The recent rise in the stockmarket has revived private investors' appetite for equities, says Andrea Page in Bloomberg Money. And it looks like most of those getting back in are doing it over the internet: according to stockbroking analyst ComPeer, in the second quarter of 2003 online share dealing volumes rose 42%. But the market is hugely competitive, so the choice for investors is huge. How do you find the right online share dealing service for you?
Think about price
Even if you are into an active trader, you can still deal online for a tenner or less. Hoodless Brennan (£7), Hargreaves Lansdown (£9.95), Ample (£10), and American Express Sharepeople (£12.50), all offer flat dealing rates online. ShareDealActive and Comdirect also have flat rates (£9.50 and £12.50), but they also allow you to do deals by phone for no extra charge. Other brokers still charge fees based on deal size. The Share Centre, for example, charges 1%. Keep an eye out for other charges too: some brokers charge a monthly or quarterly fee on top of dealing costs and others charge for inactivity. "Check the small print," says Andrea Page. You can compare the deals from different brokers on www.moneysupermarket.com.
Look for extra services
If you are returning to the market nursing bear market losses, you may be keen to limit your downside and automatically lock in gains, says Andrea Page. Ample and ShareDealActive offer free stop losses. You might also look for a broker that offers limit orders (where you can set a minimum sale price or maximum buy price), such as Barclays Stockbrokers or the Share Centre.
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Do you need advice?
The online brokers have tended to steer clear of actually offering advice, says the FT. They focus more on execution-only broking: you tell them what you want and they do it. However, the likes of Barclays Stockbrokers and NatWest Stockbrokers offer an advisory service allied with the ability to trade online.
What else can you buy?
Most UK brokers offer online trading in overseas shares via the LSE's International Retail Service for similar prices as they charge for domestic shares. Many online dealing sites also offer fund supermarkets that offer discounts on a fund's initial charges and allow you to set up Isa and self-invested personal pension accounts. Hargreaves Lansdown, for example, claims to cut initial fund charges to an average of 0.25% and also pays out annual loyalty bonuses on around 900 funds. For Isas, why not look at Share Centre, says Shares. The company is developing a FasTrack account especially for Isa customers, which offers stop losses and tracking stop losses (these follow the share price up and at the point the price turns tracks the fall from the peak, hence locking in gains rather than stopping losses).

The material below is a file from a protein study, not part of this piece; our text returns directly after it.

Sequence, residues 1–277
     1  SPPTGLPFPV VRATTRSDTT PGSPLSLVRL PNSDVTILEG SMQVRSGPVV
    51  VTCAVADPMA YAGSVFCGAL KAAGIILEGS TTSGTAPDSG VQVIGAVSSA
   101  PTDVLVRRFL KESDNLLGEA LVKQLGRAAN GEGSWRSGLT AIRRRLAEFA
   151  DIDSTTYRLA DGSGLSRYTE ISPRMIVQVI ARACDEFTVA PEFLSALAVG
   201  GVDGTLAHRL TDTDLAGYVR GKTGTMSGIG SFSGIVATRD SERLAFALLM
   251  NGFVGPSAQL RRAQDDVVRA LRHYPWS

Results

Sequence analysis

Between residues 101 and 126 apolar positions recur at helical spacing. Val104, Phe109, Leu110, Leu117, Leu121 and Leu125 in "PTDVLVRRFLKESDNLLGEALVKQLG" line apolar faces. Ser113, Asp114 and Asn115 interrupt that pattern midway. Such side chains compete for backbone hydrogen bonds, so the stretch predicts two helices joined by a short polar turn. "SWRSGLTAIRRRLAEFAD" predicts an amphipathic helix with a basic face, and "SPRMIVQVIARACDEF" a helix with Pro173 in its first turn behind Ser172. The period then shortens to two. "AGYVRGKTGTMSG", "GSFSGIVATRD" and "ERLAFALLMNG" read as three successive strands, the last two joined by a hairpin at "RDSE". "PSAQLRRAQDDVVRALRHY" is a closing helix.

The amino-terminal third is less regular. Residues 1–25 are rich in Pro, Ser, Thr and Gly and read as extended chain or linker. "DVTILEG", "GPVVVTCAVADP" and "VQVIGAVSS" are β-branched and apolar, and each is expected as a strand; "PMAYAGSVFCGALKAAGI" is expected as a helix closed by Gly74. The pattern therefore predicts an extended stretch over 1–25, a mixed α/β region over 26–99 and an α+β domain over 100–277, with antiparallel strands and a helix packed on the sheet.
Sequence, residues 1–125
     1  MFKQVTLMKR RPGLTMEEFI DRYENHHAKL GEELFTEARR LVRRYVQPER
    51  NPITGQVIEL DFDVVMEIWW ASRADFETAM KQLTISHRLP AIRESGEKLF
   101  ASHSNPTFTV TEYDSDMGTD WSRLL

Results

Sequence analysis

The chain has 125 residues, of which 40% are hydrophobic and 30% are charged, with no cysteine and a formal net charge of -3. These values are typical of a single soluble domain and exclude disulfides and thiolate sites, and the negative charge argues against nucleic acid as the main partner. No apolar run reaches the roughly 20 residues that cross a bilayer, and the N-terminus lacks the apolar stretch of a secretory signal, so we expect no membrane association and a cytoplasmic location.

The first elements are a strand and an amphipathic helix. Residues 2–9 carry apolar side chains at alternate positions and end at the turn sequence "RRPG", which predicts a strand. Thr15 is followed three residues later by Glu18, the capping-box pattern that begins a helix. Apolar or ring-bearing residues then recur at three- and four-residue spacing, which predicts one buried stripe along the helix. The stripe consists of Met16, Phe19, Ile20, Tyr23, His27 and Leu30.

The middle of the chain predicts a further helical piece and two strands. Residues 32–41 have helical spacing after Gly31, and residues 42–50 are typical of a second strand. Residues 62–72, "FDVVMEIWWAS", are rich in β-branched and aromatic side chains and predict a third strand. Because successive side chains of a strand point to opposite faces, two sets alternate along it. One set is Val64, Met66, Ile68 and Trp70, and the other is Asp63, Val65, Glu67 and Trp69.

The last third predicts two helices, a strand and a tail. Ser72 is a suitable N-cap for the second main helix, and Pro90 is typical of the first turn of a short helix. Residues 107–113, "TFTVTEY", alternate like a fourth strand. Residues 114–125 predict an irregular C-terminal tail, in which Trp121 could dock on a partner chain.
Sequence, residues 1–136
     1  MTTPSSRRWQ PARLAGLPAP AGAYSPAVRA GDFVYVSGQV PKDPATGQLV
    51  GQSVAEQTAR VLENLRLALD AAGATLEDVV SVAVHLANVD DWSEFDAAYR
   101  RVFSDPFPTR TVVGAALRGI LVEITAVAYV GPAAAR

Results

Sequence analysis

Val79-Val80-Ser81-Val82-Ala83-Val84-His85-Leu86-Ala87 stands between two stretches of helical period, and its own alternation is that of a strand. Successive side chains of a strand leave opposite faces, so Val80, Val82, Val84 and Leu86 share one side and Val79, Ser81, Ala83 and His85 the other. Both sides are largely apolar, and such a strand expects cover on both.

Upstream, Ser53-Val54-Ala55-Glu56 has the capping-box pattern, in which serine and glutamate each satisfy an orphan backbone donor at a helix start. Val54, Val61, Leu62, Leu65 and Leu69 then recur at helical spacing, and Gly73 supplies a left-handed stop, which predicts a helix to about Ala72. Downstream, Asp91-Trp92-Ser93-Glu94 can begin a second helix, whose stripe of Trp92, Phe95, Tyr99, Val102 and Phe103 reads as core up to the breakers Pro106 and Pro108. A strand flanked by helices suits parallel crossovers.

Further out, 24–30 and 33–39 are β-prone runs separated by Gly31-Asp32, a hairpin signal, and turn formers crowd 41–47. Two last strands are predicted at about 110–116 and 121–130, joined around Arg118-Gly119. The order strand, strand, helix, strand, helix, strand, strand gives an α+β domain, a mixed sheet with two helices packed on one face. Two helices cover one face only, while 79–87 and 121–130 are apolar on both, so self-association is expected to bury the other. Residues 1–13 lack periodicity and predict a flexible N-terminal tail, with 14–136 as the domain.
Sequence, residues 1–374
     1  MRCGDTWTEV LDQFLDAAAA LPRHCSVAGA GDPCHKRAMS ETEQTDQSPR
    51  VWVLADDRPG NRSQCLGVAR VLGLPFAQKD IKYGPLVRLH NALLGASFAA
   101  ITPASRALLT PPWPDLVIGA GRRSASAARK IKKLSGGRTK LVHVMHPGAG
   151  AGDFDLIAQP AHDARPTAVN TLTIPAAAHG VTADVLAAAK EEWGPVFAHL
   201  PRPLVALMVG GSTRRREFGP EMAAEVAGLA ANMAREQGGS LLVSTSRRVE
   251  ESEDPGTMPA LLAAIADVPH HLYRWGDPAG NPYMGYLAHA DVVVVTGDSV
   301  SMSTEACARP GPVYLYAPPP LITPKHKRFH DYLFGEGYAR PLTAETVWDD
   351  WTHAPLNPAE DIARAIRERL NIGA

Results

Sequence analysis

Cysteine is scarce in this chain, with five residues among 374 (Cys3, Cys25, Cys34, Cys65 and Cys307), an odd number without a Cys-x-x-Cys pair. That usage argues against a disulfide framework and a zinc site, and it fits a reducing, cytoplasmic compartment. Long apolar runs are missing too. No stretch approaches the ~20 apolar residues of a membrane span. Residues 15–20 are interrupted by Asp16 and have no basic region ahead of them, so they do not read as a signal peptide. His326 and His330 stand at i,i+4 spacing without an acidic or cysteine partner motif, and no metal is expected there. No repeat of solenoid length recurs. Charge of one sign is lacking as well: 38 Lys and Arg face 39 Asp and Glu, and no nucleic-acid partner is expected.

What about research?
Self trade is introducing a new range of research material to include company reports and brokers' tips, while American Express Sharepeople provides information on "key market events" that might affect portfolios, as well as charting tools, says Shares. For those who trade more than 30 times every three months, it also offers real-time market data. Barclays Stockbrokers also offers a "comprehensive range of independent research", says Shares. However, don't just use your broker for research, says the FT. Sites such as www.citywire.co.uk, www.ftyourmoney.com and www.thisismoney.com are all worth visiting too.
Look for incentives
TD Waterhouse is offering those who transfer from another broker £10 per line of stock transferred up to £100, plus up to four months' worth of commission-free trading, dependent on your trading history. IMIWeb will cover your existing broker's transfer fees up to £60 and Comdirect up to £100, while Hargreaves Lansdown will reduce its dealing charge to £4.95 a trade for your first 30 days with them, says Page.
Who's the best online broker?
Our readers particularly like Comdirect, says Shares, for its excellent stop loss and limit order policies, plus the "added bonus" of its research offering. Share readers also rate TD Waterhouse highly, because of its speed in executing trades and its reliability, and Barclays for its execution-only service.
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